Purpose: The Precision X-Ray X-Rad 320 is a popular x-irradiator for radiobiology research, providing beam energies up to 320 kVp. An optional interface allows the user to select a dose for delivery based on a vendor-provided calibration, with no correction for phantom or collimator scatter. Many radiobiology labs do not have access to medical physicist support so will rely on this calibration. Here we perform absolute and relative dosimetry to commission delivery to a variety of experimental setups and evaluate the vendor calibration.
Methods: Absolute dosimetry of a 320 kVp beam hardened with a Thoraeus filter was performed with a Farmer chamber according to TG-61 to the extent practical and via EBT3 radiochromic film calibrated on a 6 MV therapy linac. Mouse and rat phantoms based on CT scans of animal carcasses were printed with inserts for EBT3 film and used to measure the dose in simulated experimental conditions. Film was also used across open fields to characterize cellular irradiation in 96-well plates. Measurements were performed in an open field and with vendor-supplied rectangular and conical collimators as appropriate for each experimental condition.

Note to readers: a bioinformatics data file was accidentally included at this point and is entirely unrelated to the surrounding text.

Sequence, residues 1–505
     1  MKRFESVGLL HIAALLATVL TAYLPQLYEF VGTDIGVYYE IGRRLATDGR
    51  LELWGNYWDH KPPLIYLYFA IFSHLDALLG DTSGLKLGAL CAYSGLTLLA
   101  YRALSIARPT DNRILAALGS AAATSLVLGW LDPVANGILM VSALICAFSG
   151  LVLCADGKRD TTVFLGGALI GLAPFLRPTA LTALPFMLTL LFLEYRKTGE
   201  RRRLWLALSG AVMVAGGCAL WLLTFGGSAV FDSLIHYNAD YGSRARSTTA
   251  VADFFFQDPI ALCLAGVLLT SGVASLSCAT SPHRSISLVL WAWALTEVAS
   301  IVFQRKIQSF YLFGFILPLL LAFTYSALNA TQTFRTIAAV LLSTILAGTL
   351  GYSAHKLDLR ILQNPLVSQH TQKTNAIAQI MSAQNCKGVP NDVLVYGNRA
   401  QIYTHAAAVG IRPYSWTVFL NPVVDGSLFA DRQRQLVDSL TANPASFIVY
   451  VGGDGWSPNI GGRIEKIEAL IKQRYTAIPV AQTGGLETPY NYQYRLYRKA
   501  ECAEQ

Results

Results: The vendor calibration was found to deliver 7% to 30% more dose at body midline than was set for the various setups explored. The center of the usable flat dose distribution for an open field was found to be 4 cm to the left of the beam axis due to the hell effect.
Conclusion: Because dose errors of greater than 5% can cause unacceptable errors in many radiobiology experiments, medical physicists should commission each experimental setup to be used on this model of irradiator to adjust calibration and determine profiles as needed.
Radiobiology, Commissioning, Phantoms